July Garden Update -- Tomatoes

Tuesday, July 8, 2008

How does your garden grow?

Well, quite frankly, it's OFF THE HOOK! And thank you very much for asking.

It's early July in Northern California. The heat that vegetables love has finally arrived, along with abundant sunshine, long days and short nights. Sacramento is absolutely famous for its gardening conditions because you get the heat that tomato plants love, plus the cool conditions of the evening Delta Breeze. These conditions are unique to the Sacramento Valley, and it's one major reason why Campbell's Soups produces most of what they need for their canned products right here in Sacramento and Yolo Counties.

Given the right conditions, the right heat, the right amount of water and fertlizer, your tomato plants will be producing like this Celebrity plant located to your immediate left. The Celebrity, a fairly recent introduction to the hybrid world, can be enormously productive. Looks like this will be a good year for the Celebrity, as it started to fruit early and has been fruiting often. It's produced about four or five early season tomatoes, but better yet, will be producing a lot more as the summer wears on.

My 24 tomato plants are doing quite well for this time in the growing season. Some are bigger than others. Some are more productive than others. But that is to be expected. The plants that are located to the immediate right are, by far, the most successful. To the left, you'll notice a Bloody Butcher that is six feet tall and still growing. The plant to the right of that is a Costaluto Genovese. It has produced exactly one ripe tomato, but many more are growing. This was one of the most successful plants in my garden last year, and it appears to be well on its way to providing similar production this year. To the right of the Genovese, a Bill Bird heirloom favorite, the Green Zebra. It too, is loaded with early production.

While I did deal with some early blight problems during May and early June, it appears control efforts are paying off. But, while many of the heirloom plants are growing rapidly, many are also not producing much in the way of fruit. This is quite normal for heirloom plants. Most are generally late producers. This is especially true of the potato-leaf (PL) plants such as Marianna's Peace (MP), Pruden's Purple (PP) and Brandywine. Only the MP is actually producing tomatoes at this point, but it's a good two feet taller than the other two PL varieties. So, I'm hopeful that with some time and a little more growth, I'll see production from the PP and Brandywine.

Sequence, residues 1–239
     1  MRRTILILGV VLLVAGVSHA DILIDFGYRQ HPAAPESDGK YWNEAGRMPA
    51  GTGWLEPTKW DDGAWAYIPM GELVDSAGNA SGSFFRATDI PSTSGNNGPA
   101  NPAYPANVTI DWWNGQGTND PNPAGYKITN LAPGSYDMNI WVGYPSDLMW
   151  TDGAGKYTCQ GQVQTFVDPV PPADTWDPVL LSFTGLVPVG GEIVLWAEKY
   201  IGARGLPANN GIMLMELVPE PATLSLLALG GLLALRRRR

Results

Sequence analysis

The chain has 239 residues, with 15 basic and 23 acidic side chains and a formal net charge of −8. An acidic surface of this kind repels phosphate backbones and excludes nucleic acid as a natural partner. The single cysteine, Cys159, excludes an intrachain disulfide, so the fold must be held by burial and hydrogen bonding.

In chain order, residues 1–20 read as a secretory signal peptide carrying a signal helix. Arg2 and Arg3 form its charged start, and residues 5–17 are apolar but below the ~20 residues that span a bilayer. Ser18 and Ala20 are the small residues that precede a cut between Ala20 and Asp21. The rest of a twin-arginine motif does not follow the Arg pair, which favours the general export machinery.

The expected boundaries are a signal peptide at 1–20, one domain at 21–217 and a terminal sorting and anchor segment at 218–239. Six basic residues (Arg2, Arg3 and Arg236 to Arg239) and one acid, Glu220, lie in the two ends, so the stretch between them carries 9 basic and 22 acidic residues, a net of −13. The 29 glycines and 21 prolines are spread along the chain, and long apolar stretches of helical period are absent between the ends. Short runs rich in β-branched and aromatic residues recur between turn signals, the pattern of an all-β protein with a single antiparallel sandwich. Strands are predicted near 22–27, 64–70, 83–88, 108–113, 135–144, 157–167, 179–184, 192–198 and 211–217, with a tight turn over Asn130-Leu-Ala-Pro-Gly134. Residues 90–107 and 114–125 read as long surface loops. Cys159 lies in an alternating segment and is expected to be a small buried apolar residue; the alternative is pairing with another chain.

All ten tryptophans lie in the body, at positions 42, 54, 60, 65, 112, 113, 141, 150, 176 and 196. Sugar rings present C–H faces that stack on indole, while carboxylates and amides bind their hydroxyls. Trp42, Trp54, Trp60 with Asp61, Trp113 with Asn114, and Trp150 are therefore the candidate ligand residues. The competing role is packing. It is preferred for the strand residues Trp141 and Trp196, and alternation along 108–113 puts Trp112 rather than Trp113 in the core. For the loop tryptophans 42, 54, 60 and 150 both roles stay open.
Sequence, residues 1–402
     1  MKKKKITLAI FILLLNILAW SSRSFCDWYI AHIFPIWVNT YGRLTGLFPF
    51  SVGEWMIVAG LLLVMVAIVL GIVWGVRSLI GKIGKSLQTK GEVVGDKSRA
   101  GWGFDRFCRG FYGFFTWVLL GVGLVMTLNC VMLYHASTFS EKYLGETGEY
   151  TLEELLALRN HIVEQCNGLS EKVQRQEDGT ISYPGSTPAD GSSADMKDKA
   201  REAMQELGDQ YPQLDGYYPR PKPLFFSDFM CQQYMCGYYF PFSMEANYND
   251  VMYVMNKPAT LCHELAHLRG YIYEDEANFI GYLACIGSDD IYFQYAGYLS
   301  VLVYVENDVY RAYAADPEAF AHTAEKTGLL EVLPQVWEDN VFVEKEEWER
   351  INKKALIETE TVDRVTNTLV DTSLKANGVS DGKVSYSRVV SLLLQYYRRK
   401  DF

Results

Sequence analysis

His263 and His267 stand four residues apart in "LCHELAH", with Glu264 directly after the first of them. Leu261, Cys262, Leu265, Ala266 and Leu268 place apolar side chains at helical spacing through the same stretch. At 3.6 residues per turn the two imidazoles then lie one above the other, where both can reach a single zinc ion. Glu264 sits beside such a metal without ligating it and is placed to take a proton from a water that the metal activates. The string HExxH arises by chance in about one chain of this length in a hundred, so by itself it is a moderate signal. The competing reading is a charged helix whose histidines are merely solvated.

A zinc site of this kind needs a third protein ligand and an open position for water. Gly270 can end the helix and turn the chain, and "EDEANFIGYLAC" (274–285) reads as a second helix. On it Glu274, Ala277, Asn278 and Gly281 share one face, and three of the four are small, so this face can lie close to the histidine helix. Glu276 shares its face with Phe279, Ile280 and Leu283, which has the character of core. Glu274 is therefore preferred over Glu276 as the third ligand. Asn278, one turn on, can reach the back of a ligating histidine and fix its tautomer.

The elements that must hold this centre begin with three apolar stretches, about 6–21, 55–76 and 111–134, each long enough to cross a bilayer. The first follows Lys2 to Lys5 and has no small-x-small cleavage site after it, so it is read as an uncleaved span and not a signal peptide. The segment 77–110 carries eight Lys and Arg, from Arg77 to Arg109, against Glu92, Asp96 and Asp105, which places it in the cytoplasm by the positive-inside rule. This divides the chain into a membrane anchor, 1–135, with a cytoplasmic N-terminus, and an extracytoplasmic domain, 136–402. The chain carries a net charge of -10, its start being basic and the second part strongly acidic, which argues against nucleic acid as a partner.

One of the strangest plants in the garden this year is the Campbell's 1327. True to its name, this is a tomato variety that Campbell's Soups once used for its many varieties of canned soups. This variety was largely abandoned with the advent of genetic propogation efforts and corporate agriculture, but with most heirloom varieties, someone had the gumption to save seeds. And this old Campbell's Soups standby continues to produce in backyard gardens across America.

As I mentioned earlier, the growing habits of this plant are somewhat strange. You can clearly see the early production off this plant in the photo to the right. The Campbell's 1327 is located to the far right. I nearly lost this plant as a seedling, but it later recovered and grew quickly at plantout in late April. At one point however, I noticed the very top of this plant that produced new shoots and leaves develop a cluster of flowers. That cluster then bent to the left. And there was no more upward growth. The plant then fruited, many of the leaves turned upside down, and it just didn't look very happy. It didn't grow an inch for at least a week or two.

But, at some point, new, upward shoots did develop and this plant is now growing again. It has reached a height of about three and a half feet, and continues to produce new tomatoes. Several are starting to turn ripe and it's clear this plant will give me solid production throughout the summer season. The Campbell's 1327 produces red, round tomatoes in the 1 lb. range. It's the perfect slicer tomato for burgers or sandwiches, but also does well in salads or alone as a snack.

But, the biggest winner in the garden so far is the plant located to the left. This is the Bloody Butcher. There are two such plants in the garden. Both are six feet tall and are absolutely loaded with more tomatoes than I can count. The Bloody Butcher isn't an exceptionally large tomato. But what it lacks in size is made up in terms of production and zesty, acidic, taste. The Bloody Butcher produces fruit in clusters of four to five, with cluster sets located all over the plant.

So, the report for July is pretty darn good. With the exception of the Andrew Rahart Jumbo Red and Marianna's Peace, the large beefsteaks are not producing much fruit yet. But, I suppose that will come with time. By August, I should have a much better handle at what the garden will produce for the final two to three months of the growing season.

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